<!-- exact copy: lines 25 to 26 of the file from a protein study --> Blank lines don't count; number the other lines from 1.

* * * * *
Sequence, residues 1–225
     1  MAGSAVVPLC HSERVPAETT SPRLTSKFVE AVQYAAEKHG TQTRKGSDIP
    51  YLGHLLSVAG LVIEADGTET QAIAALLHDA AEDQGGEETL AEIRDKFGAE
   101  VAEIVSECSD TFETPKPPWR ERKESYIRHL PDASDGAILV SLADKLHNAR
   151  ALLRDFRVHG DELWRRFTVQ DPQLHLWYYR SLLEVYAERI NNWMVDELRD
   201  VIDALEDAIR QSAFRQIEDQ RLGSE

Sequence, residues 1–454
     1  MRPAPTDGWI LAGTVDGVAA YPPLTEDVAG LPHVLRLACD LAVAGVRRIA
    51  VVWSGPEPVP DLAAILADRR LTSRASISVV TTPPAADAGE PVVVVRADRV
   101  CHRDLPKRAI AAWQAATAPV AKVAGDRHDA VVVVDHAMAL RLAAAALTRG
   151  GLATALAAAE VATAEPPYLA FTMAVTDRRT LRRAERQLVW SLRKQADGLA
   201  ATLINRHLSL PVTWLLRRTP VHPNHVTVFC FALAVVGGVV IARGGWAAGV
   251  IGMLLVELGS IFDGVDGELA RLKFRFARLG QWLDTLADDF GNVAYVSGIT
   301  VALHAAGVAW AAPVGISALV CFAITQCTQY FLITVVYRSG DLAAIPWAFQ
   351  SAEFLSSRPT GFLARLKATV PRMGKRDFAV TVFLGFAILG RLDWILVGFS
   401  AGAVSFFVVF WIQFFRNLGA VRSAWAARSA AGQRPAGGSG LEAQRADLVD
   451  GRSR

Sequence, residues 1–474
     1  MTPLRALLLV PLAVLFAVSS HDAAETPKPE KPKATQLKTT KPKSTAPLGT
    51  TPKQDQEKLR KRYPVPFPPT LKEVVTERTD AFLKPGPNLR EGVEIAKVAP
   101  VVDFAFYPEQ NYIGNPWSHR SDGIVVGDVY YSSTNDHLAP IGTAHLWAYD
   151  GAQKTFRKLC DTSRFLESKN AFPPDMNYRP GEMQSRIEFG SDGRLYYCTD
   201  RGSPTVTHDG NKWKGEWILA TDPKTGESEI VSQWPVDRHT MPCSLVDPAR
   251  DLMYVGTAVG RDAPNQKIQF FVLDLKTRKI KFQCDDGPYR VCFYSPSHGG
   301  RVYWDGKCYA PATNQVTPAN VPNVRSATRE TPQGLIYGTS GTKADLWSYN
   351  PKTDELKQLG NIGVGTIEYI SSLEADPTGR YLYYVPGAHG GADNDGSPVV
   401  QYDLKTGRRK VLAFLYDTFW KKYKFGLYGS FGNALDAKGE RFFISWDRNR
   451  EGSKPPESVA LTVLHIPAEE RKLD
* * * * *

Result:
   301  RVYWDGKCYA PATNQVTPAN VPNVRSATRE TPQGLIYGTS GTKADLWSYN
   351  PKTDELKQLG NIGVGTIEYI SSLEADPTGR YLYYVPGAHG GADNDGSPVV